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Dimethyl itaconate is effective in host-directed antimicrobial responses against mycobacterial infections through multifaceted innate immune pathways

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Affiliated Author(s)
김진경
Alternative Author(s)
Kim, Jin Kyung
Journal Title
Cell Biosci
ISSN
2045-3701
Issued Date
2023
Keyword
Antimicrobial responsesAutophagyDimethyl itaconateHost-directed therapeuticsInnate immunityMycobacterium tuberculosisNontuberculous mycobacteria
Abstract
Background:
Itaconate, a crucial immunometabolite, plays a critical role in linking immune and metabolic functions to influence host defense and inflammation. Due to its polar structure, the esterified cell-permeable derivatives of itaconate are being developed to provide therapeutic opportunities in infectious and inflammatory diseases. Yet, it remains largely uncharacterized whether itaconate derivatives have potentials in promoting host-directed therapeutics (HDT) against mycobacterial infections. Here, we report dimethyl itaconate (DMI) as the promising candidate for HDT against both Mycobacterium tuberculosis (Mtb) and nontuberculous mycobacteria by orchestrating multiple innate immune programs.

Results:
DMI per se has low bactericidal activity against Mtb, M. bovis Bacillus Calmette-Guérin (BCG), and M. avium (Mav). However, DMI robustly activated intracellular elimination of multiple mycobacterial strains (Mtb, BCG, Mav, and even to multidrug-resistant Mtb) in macrophages and in vivo. DMI significantly suppressed the production of interleukin-6 and -10, whereas it enhanced autophagy and phagosomal maturation, during Mtb infection. DMI-mediated autophagy partly contributed to antimicrobial host defenses in macrophages. Moreover, DMI significantly downregulated the activation of signal transducer and activator of transcription 3 signaling during infection with Mtb, BCG, and Mav.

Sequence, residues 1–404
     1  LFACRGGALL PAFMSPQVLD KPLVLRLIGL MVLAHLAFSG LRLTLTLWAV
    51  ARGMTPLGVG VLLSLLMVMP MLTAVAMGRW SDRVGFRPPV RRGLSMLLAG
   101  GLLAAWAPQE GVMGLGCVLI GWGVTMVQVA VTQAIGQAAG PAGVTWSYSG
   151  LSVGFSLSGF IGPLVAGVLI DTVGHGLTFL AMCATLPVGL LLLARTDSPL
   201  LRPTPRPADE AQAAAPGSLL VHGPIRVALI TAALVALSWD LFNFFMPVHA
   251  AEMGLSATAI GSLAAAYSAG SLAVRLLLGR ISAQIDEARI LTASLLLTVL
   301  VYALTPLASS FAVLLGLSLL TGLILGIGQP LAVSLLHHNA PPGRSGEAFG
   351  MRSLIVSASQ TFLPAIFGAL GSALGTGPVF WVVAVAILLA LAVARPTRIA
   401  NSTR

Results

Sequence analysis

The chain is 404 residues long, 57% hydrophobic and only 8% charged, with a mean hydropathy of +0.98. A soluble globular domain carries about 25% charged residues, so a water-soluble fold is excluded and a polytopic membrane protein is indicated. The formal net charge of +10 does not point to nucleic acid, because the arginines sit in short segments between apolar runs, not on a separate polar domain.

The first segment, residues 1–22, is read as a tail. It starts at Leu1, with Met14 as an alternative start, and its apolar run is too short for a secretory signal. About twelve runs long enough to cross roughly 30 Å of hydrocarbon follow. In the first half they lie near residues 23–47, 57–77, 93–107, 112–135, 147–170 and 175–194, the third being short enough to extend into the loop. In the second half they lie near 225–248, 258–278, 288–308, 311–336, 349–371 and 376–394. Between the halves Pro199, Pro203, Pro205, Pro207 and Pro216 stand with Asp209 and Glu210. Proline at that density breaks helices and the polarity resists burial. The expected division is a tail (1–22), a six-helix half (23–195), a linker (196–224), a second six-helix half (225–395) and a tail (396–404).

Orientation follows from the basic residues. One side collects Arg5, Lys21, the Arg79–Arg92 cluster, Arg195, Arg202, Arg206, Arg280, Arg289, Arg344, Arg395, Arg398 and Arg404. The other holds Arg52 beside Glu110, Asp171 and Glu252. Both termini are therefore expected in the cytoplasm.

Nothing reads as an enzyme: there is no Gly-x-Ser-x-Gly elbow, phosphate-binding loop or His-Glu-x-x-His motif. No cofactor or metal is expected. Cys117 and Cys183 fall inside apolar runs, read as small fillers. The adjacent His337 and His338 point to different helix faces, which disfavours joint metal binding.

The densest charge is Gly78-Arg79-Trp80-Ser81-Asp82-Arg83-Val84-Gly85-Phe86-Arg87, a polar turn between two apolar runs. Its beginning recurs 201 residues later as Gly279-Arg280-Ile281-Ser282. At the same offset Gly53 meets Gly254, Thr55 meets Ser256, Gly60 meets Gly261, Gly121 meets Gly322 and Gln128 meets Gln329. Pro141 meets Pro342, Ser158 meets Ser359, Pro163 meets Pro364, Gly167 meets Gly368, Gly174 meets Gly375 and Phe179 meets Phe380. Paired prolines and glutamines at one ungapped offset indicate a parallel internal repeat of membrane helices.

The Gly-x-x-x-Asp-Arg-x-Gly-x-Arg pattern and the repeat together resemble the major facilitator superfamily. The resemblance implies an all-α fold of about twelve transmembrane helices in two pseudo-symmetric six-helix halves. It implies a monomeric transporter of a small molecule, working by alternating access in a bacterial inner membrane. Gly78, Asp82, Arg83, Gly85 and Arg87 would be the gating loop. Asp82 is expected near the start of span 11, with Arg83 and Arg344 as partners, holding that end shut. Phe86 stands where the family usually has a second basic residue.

Conclusion:
Together, DMI has potent anti-mycobacterial activities in macrophages and in vivo through promoting multifaceted ways for innate host defenses. DMI may bring light to new candidate for HDT against Mtb and nontuberculous mycobacteria, both of which infections are often intractable with antibiotic resistance.
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